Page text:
Grapevine: Filmmaking freedom

Jerusalem Cinematheque (photo credit: WIKIMEDIA COMMONS/GILABRAND)
Jerusalem Cinematheque
 ■ EVERY FRIDAY afternoon, listeners to the two-hour program hosted from 4 p.m. on Israel Radio’s Reshet Bet by Yaron Enosh hear a delightful anecdote about various species of our four-legged friends as told by Shai Doron, who for the past 25 years has been the managing director of the Jerusalem Biblical Zoo, and who relates to the animals almost as though they were human.
But after quarter of a century of playing in an enlarged version of Noah’s Ark, Doron is moving on and is succeeding Johanna Arbib as president of the Jerusalem Foundation. Arbib, who had previously been a very capable and much lauded leader of United Israel Appeal, stepped down from the presidency of the Jerusalem Foundation, partially because it seemed she was Prime Minister Benjamin Netanyahu’s choice to head the Jewish Agency. There was also the temptation to make history by becoming the first woman to get the top job in the agency. In the final analysis, that didn’t work out, though doubtless Arbib’s name will soon pop up at the top of some organization’s masthead.
Now that he’s entering a cage for two-legged animals, Doron may disappear from the airwaves, or he may tell stories about people with whom he comes into contact. But that may be problematic because, unlike the animals, which probably don’t listen to the radio, people do, and when things are said about them that they consider to be unflattering, some are inclined to sue, though it must be said that all of Doron’s tales about four-legged creatures have been very positive.
The nature of Doron’s trips abroad will change dramatically. Whereas up until now he has traveled abroad to inspect possible acquisitions for the zoo, his future trips abroad will be to raise funds for projects in Jerusalem that are being overseen by the Jerusalem Foundation.
■ AT A festive ceremony in a packed auditorium at the Jerusalem Cinematheque on Monday evening, President Reuven Rivlin was conferred with the title of Honorary Fellow of the Sam Spiegel School for Film and Television. 
Rivlin said that he was proud of his role, while serving as an MK, in helping to formulate the 1991 Film Law, which, he said, had proved itself again and again. In an era in which big-budget feature films were making an impact, it was difficult for Israeli filmmakers to get a toehold, he explained. 
Public and state support, and the determination of MKs from both the coalition and the opposition to ensure that funds would be available to filmmakers free of political influence and pressure, have enabled the production of countless top-quality Israeli movies, he said. In what he called an example of true democracy, filmmakers have been given full freedom of expression, and their films have been vehicles for social pluralism, spirituality and reality. Rivlin reeled off the names of several Israeli films that have been prizewinners and/or box office attractions, and said that the law enacted in 1991 had caused an admirable revolution in Israel’s film industry.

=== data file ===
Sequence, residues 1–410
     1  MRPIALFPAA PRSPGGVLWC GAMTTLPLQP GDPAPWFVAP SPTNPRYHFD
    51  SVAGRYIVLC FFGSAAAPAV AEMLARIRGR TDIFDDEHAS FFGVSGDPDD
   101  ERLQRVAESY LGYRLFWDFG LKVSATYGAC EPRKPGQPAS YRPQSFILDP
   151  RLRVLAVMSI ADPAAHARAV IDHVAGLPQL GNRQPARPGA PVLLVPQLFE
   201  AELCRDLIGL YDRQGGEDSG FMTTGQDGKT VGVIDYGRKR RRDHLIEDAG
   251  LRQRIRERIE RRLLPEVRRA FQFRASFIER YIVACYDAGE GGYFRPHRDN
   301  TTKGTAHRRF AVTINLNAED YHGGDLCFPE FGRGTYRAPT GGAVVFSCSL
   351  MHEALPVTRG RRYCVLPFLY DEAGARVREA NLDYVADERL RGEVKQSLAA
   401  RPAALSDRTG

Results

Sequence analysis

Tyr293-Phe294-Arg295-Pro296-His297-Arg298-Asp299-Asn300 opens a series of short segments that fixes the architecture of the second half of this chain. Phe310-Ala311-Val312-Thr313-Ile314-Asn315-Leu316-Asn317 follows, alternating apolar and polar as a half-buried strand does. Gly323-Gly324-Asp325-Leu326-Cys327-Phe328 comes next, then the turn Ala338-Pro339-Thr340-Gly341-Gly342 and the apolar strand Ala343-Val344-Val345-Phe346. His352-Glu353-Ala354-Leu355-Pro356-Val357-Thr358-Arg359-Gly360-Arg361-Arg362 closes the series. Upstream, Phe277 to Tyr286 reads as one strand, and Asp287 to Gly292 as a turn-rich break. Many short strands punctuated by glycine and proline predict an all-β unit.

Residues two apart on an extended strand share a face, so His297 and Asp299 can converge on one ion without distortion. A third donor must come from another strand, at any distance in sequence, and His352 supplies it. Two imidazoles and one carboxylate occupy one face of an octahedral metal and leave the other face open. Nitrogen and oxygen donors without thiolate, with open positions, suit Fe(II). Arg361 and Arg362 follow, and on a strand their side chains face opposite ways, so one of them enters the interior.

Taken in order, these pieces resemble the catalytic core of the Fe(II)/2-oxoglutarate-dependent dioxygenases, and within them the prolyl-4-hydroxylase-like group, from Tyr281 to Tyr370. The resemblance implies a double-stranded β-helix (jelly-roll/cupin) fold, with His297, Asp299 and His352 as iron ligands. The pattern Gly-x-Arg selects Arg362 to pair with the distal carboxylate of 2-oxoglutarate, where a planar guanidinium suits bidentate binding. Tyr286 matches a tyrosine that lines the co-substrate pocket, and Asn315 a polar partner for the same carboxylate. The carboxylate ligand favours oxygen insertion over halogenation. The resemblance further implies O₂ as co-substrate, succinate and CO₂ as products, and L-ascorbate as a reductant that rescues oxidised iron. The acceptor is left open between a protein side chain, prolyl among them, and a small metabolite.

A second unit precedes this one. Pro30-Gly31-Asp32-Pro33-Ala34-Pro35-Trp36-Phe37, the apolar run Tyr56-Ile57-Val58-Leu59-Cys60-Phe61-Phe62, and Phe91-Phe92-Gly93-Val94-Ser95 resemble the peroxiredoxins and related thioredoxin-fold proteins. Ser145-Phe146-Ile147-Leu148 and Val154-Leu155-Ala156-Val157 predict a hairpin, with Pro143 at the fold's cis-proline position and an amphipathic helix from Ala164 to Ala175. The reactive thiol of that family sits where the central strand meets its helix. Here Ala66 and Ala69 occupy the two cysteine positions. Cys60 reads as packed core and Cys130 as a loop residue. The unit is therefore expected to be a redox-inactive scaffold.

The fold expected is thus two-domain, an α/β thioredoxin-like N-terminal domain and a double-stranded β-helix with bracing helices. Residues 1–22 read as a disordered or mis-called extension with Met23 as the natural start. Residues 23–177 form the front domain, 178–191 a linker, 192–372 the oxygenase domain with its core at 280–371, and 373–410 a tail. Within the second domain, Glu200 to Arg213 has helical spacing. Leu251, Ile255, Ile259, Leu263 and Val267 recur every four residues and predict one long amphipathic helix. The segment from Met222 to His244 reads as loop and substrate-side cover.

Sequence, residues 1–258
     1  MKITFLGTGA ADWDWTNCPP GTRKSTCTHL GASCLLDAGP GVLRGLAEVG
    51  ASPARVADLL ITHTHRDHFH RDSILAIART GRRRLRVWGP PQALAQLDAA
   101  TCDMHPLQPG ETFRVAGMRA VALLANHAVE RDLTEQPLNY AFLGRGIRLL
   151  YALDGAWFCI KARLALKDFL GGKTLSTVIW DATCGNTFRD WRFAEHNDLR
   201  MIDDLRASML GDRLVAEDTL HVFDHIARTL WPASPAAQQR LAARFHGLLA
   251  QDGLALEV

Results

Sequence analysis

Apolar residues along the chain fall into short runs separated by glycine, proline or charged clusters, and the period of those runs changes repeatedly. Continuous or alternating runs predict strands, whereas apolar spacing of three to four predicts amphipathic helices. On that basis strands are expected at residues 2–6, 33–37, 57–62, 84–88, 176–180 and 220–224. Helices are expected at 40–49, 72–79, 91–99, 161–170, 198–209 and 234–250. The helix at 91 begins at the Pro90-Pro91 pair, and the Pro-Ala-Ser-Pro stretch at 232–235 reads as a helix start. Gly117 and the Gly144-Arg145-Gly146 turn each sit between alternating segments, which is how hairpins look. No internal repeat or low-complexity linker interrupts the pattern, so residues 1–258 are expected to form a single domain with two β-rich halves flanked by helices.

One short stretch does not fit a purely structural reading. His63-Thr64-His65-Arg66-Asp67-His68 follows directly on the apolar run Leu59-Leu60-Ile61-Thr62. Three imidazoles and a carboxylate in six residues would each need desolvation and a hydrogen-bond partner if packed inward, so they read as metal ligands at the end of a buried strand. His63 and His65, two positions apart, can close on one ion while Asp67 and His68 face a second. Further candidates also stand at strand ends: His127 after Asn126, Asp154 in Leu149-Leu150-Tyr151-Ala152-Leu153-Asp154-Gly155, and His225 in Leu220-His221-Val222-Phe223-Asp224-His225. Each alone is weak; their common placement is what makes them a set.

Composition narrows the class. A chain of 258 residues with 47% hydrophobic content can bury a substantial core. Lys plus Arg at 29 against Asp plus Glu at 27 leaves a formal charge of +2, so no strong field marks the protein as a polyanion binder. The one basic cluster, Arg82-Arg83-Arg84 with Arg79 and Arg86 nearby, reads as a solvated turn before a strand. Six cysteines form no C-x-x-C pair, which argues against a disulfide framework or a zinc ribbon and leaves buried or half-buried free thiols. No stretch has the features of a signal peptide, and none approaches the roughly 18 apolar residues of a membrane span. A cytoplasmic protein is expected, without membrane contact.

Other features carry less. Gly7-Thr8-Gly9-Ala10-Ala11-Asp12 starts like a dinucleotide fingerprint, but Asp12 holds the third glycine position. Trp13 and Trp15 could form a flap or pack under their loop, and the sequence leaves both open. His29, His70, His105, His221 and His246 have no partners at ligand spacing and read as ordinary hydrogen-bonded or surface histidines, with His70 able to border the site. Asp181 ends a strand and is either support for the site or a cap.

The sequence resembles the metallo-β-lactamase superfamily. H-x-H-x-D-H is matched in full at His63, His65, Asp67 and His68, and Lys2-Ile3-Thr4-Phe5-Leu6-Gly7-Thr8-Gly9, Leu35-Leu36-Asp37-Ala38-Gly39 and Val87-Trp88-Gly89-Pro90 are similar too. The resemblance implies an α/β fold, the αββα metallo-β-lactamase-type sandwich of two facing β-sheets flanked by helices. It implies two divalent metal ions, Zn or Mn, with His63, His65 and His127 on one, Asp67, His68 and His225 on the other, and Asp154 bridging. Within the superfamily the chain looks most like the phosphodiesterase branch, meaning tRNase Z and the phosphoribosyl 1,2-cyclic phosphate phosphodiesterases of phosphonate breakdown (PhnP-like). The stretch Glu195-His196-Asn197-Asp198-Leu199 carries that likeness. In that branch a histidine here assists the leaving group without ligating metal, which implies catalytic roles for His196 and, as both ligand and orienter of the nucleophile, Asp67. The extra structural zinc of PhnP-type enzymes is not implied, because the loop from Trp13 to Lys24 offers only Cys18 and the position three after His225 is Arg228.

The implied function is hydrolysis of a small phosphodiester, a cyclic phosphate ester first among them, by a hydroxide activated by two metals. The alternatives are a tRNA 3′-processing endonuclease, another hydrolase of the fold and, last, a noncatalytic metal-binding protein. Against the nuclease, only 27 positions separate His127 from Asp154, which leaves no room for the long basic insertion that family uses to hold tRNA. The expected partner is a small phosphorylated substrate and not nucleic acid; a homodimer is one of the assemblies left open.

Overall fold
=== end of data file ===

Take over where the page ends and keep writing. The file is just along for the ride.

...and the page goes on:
■ MORE THAN 100 high-school graduates with emotional problems and learning difficulties last week participated in the awards ceremony that each year crowns the Colel Chabad scholarship program in Jerusalem. The scholarships, which were awarded in the presence of Sephardi Chief Rabbi of Jerusalem Shlomo Amar, are made available through a cooperative venture between Colel Chabad, the Barad family of New York and the Meromim Foundation. Particular attention is given to youngsters from the Commonwealth of Independent States and to those who have only one parent.
Itzik Marton, an administrator of the Chesed Menachem Mendel Scholarship Program, said that it was an exciting and emotional experience to see young people with difficult backgrounds graduate from 12th grade and receive awards for academic excellence.
The academic scholarships are allocated in relation to the student’s successful progress throughout the year, and are awarded on more than just test results. Students are mentored by an educational committee headed by Rabbi Dr. Amram Blau and a dedicated team of project coordinators. In addition, there are enrichment programs throughout the year designed to specifically help students who are struggling with their studies. Through these programs and with other help they receive, they develop learning skills and actually reach levels of excellence.
This is particularly gratifying to Colel Chabad director Rabbi Sholom Duchman, who said: “When you have a student who at age nine was suffering from learning disabilities, but put in the effort, graduated with honors and was accepted into the Engineering Corps of the army, it continues to inspire us all.”